Credit scoring has become widely accepted by lenders as a reliable means of credit evaluation.  The credit score condenses borrowers credit history into a single number.  FICO and the credit bureaus don’t reveal the exact methodology for computing the numbers. 

    FICO scores vary from 375-900 points.  The higher, the better.  To get the best interest rates, you generally need to score 680 or higher.  Someone with higher than 680 is considered to have “A” credit.  If you score below 620, you will generally pay a higher interest rate on your mortgage and your credit is considered “sub-prime.” If your score is between 620 and 680, the lender may decide which category you belong based on factors such as income, assets, payment history, etc. 

  • Submitted on 06 August 2010

    Free Annual Report

    Your credit score represents the creditworthiness of you as an individual or your business. A credit score predicts the likelihood that you will repay your debts.

    Your business credit score determines your access to capital, rates on rental space, insurance and other business needs.

    The score is comprised of data from the three major credit bureau.

  • Submitted on 11 March 2010

    Maximizing the Web’s convenience, accuracy and speed, IRS.gov -IRS’s web site- now assists millions of individual taxpayers, tax professionals, and small business owners to better understand and meet their tax responsibilities.

    Updated Virtual Small Business Tax Workshop

    The IRS’s Virtual Small Business Tax Workshop is an interactive resource to help small business owners learn about their federal tax rights and responsibilities. This dynamic educational product, available online and on CD 24/7 from your computer, consists of nine stand-alone lessons that can be selected and viewed in any sequence. A bookmark feature makes it possible to leave and return to a specific point within the lesson. Users also have access to a list of useful online references that enhance the learning experience by allowing them to view references and the video lessons simultaneously.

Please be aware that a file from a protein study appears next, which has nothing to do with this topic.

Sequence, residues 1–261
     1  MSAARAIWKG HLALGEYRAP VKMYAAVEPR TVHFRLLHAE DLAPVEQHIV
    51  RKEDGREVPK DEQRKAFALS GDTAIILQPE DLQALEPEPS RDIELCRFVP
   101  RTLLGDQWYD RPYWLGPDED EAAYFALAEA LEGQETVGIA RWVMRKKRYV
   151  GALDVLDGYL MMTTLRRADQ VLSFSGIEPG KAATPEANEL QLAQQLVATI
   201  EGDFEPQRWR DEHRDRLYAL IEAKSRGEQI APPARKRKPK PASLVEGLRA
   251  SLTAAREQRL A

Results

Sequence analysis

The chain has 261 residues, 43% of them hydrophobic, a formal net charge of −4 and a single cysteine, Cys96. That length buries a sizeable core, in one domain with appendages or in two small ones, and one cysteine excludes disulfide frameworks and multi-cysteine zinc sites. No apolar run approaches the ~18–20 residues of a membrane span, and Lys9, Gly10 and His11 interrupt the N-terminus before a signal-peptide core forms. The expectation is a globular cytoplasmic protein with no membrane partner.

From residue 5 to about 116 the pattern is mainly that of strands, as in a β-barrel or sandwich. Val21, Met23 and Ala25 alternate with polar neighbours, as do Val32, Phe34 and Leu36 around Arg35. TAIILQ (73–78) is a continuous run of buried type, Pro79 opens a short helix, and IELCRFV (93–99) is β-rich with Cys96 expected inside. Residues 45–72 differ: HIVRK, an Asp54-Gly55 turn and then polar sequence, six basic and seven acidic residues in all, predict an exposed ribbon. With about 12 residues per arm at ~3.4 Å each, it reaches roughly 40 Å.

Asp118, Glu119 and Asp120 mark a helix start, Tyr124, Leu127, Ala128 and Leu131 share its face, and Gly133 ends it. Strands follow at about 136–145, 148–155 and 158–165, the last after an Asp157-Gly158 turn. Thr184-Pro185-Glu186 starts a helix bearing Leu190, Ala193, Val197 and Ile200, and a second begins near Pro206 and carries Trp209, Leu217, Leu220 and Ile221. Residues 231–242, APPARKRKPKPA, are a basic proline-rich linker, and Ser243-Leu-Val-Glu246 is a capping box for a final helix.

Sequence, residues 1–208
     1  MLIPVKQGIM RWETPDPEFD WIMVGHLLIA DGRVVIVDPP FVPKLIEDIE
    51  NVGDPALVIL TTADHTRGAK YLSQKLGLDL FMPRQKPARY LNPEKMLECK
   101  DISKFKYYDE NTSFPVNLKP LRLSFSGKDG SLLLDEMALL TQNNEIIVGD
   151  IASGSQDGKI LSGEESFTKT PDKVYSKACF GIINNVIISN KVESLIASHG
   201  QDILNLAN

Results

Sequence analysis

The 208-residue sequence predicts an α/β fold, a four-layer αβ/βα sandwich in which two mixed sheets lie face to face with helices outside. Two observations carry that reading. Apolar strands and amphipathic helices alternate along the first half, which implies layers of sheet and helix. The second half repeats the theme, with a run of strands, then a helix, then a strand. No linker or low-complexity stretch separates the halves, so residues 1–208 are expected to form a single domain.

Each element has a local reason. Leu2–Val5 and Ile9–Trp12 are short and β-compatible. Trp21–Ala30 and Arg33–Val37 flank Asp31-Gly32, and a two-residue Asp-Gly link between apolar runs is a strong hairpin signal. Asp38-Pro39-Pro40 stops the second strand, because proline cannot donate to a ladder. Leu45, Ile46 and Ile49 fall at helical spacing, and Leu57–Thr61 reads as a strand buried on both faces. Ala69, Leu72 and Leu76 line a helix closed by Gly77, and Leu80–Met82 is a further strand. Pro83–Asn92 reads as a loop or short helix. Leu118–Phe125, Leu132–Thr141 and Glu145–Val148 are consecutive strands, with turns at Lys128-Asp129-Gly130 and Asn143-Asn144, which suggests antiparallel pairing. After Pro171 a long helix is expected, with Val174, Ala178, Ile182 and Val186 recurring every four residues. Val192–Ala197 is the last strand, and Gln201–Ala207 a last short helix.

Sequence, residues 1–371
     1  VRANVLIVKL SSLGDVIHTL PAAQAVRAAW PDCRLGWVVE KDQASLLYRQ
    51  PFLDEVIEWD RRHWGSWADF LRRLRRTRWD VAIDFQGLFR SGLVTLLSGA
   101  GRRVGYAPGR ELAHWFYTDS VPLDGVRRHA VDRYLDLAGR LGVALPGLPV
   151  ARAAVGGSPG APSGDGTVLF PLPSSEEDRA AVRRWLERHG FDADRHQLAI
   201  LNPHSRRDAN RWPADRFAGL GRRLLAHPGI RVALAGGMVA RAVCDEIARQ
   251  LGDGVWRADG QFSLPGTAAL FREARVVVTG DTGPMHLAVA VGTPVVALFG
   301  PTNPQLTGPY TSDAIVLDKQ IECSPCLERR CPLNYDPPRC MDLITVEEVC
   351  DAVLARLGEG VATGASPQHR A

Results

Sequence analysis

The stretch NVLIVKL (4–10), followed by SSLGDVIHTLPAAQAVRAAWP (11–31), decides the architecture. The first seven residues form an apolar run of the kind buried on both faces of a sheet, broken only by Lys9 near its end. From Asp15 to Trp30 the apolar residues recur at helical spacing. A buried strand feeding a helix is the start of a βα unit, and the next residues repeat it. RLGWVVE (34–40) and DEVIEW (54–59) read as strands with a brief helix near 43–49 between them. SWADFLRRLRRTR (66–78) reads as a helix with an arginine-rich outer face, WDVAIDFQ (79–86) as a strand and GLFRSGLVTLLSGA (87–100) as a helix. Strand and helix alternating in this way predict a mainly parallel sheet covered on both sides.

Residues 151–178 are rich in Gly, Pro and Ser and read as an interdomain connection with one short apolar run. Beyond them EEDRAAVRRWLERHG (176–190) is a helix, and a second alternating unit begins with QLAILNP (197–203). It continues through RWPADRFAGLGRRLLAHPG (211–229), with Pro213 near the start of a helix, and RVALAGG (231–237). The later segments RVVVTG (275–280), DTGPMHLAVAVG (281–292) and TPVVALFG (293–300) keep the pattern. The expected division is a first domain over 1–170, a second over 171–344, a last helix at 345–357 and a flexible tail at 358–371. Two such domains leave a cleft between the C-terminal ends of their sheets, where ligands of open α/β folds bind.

• Submitted on 24 November 2009

    Keeping up with federal tax requirements is not easy in today’s fast-changing business environment. Even if you use a tax professional’s services, you still need to know and understand your tax responsibilities.

    That’s why the IRS offers you a time-saver: IRS e-News for Small Businesses. E-news is a bi-weekly newsletter that alerts you to what’s new, hot and important for small business owners to know. It’s quick to read, easy to subscribe – and it’s free.

    IRS e-News for Small Businesses features:

    Tax dates for small business owners, to help you avoid missing a deadline

  • Submitted on 08 May 2009

    Last week the U.S. House of Representatives passed the Credit Cardholders’ Bill of Rights - a common sense financial system reform and consumer protection.  This bill provides  tough new protections for consumers facing excessive credit card fees, sky high interest rates and unfair agreements that credit card companies revise at will.

    This bill is important to the establishment and growth of minority businesses because a greater proportion of minority-owned firms are started or acquired by using credit cards (10 percent of firms) among other sources of capital, compared to non-minority firms (9 percent of firms), according to MBDA’s “Characteristics of Minority Businesses and Entrepreneurs.” (March 2008)